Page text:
1. Biochemistry and Chemical Biology
  2. Structural Biology and Molecular Biophysics
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Structural basis of nucleoside and nucleoside drug selectivity by concentrative nucleoside transporters

  1. Zachary Lee Johnson
  2. Jun-Ho Lee
  3. Kiyoun Lee
  4. Minhee Lee
  5. Do-Yeon Kwon
  6. Jiyong Hong
  7. Seok-Yong Lee  Is a corresponding author
  1. Duke University Medical Center, United States
  2. Duke University, United States
Research Article
  • Cited 35
  • Views 2,796
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Cite this article as: eLife 2014;3:e03604 doi: 10.7554/eLife.03604

Abstract

Concentrative nucleoside transporters (CNTs) are responsible for cellular entry of nucleosides, which serve as precursors to nucleic acids and act as signaling molecules. CNTs also play a crucial role in the uptake of nucleoside-derived drugs, including anticancer and antiviral agents. Understanding how CNTs recognize and import their substrates could not only lead to a better understanding of nucleoside-related biological processes but also the design of nucleoside-derived drugs that can better reach their targets. Here we present a combination of x-ray crystallographic and equilibrium-binding studies probing the molecular origins of nucleoside and nucleoside drug selectivity of a CNT from Vibrio cholerae. We then used this information in chemically modifying an anticancer drug so that is better transported by and selective for a single human CNT subtype. This work provides proof of principle for utilizing transporter structural and functional information for the design of compounds that enter cells more efficiently and selectively.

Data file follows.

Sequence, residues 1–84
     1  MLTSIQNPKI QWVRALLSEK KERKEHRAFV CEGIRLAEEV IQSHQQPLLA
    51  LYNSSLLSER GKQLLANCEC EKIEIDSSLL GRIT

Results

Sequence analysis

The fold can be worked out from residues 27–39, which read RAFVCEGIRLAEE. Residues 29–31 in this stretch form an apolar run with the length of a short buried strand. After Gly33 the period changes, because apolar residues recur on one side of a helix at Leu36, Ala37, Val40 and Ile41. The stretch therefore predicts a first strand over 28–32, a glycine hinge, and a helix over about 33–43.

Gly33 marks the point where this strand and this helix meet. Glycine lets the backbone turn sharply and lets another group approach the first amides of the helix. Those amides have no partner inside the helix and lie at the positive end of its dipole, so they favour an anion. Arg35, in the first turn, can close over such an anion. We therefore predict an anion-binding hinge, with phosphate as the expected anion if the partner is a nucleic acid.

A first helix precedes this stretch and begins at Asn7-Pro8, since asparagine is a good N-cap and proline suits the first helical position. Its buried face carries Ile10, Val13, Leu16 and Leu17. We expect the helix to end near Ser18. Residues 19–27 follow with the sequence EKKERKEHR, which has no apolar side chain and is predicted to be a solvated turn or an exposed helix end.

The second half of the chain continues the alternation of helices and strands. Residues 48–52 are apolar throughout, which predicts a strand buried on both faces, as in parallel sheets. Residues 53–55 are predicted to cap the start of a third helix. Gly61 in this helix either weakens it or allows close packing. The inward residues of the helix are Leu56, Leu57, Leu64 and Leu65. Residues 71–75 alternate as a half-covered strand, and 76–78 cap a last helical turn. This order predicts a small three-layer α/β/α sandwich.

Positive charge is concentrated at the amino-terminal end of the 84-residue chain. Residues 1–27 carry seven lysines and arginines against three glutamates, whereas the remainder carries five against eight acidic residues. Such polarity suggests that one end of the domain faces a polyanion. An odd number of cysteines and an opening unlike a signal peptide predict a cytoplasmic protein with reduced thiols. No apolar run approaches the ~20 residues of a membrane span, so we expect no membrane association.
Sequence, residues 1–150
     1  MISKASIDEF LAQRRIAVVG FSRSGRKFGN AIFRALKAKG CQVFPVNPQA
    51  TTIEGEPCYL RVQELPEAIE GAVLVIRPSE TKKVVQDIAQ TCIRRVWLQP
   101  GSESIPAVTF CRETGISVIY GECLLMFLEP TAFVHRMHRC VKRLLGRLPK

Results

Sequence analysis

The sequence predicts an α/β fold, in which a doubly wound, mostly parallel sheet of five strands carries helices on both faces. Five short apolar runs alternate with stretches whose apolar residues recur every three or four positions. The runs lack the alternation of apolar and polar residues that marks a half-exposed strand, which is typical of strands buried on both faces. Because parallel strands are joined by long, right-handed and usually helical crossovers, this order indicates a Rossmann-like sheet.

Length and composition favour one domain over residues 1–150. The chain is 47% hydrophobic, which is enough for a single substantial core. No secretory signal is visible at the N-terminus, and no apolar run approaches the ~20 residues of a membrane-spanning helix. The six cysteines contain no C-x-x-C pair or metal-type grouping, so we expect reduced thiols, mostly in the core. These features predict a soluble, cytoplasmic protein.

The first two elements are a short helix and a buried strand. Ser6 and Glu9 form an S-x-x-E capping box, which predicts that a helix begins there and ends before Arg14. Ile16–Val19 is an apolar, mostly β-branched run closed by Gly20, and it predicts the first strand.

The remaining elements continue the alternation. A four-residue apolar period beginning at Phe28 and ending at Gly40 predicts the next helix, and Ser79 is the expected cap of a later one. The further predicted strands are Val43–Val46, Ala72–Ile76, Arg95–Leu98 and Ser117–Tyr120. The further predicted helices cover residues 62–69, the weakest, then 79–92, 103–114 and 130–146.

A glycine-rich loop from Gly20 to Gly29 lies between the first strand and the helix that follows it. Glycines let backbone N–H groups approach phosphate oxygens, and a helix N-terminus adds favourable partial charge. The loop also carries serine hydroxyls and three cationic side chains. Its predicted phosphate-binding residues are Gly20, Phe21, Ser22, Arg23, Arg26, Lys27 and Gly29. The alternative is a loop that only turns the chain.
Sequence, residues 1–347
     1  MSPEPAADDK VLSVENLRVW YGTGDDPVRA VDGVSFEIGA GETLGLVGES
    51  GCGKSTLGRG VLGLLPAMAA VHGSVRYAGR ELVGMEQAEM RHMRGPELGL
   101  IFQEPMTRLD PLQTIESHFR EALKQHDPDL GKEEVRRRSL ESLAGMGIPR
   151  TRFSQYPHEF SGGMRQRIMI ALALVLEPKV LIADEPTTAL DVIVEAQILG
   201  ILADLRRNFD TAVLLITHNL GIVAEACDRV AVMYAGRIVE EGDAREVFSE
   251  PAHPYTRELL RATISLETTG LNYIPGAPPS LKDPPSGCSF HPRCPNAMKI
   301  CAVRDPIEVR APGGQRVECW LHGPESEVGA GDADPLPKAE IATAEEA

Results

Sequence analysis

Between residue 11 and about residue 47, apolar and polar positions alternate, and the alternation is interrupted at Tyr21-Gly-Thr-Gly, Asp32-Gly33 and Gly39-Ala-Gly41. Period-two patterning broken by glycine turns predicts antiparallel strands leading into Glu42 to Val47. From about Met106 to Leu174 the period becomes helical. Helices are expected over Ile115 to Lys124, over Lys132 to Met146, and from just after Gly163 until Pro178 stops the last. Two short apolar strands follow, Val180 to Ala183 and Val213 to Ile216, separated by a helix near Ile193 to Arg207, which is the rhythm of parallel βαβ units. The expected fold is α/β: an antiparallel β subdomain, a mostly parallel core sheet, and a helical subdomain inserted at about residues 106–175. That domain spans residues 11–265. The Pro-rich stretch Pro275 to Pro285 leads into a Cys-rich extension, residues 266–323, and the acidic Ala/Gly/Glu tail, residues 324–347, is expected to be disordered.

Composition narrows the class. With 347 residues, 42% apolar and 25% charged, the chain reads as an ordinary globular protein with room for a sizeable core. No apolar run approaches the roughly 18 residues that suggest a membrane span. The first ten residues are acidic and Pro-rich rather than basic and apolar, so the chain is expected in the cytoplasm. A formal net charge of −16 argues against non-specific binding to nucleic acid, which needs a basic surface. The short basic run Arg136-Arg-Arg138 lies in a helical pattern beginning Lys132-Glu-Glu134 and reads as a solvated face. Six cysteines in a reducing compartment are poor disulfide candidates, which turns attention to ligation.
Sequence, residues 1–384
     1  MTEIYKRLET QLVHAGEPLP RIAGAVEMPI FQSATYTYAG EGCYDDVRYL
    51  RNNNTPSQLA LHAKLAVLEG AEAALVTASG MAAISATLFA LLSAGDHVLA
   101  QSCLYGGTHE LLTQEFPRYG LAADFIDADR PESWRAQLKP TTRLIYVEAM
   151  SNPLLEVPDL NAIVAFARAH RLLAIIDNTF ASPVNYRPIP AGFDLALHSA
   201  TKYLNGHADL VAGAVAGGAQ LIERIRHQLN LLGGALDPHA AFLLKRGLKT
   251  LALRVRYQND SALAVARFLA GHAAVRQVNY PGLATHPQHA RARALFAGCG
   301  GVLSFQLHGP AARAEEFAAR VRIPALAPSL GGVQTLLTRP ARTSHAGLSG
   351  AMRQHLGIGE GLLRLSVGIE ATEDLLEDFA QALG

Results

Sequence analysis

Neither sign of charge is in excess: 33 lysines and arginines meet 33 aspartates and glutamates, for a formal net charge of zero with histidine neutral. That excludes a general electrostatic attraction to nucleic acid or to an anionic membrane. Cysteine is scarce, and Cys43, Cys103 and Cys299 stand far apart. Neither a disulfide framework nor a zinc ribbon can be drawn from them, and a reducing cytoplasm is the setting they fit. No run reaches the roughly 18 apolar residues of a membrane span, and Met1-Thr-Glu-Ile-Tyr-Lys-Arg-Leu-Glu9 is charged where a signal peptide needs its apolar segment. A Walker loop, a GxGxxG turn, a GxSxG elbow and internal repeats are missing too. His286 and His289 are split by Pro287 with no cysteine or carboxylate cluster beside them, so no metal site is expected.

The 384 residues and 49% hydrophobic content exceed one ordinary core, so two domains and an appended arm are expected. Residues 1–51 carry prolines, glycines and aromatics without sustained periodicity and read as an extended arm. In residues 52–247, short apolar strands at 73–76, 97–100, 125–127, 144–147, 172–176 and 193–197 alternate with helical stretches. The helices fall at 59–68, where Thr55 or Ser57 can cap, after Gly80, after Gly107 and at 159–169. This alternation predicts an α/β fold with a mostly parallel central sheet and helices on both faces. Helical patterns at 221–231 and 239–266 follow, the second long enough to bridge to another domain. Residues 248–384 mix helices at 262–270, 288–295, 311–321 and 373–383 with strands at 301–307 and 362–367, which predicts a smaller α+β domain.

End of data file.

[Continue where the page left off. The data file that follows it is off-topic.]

Article and author information

Author details

  1. Zachary Lee Johnson

    Duke University Medical Center, Durham, United States
    Competing interests
    The authors declare that no competing interests exist.
  2. Jun-Ho Lee

    Duke University Medical Center, Durham, United States
    Competing interests
    The authors declare that no competing interests exist.
  3. Kiyoun Lee

    Duke University, Durham, United States
    Competing interests
    The authors declare that no competing interests exist.
  4. Minhee Lee

    Duke University, Durham, United States
    Competing interests
    The authors declare that no competing interests exist.
  5. Do-Yeon Kwon

    Duke University, Durham, United States
    Competing interests
    The authors declare that no competing interests exist.
  6. Jiyong Hong

    Duke University, Durham, United States
    Competing interests
    The authors declare that no competing interests exist.
  7. Seok-Yong Lee

    Duke University Medical Center, Durham, United States
    For correspondence
    sylee@biochem.duke.edu
    Competing interests
    The authors declare that no competing interests exist.

Reviewing Editor

  1. Volker Dötsch, Goethe University, Germany

Publication history

  1. Received: June 6, 2014
  2. Accepted: July 31, 2014
  3. Accepted Manuscript published: July 31, 2014 (version 1)
  4. Version of Record published: August 21, 2014 (version 2)

Copyright

© 2014, Johnson et al.

This article is distributed under the terms of the Creative Commons Attribution License permitting unrestricted use and redistribution provided that the original author and source are credited.

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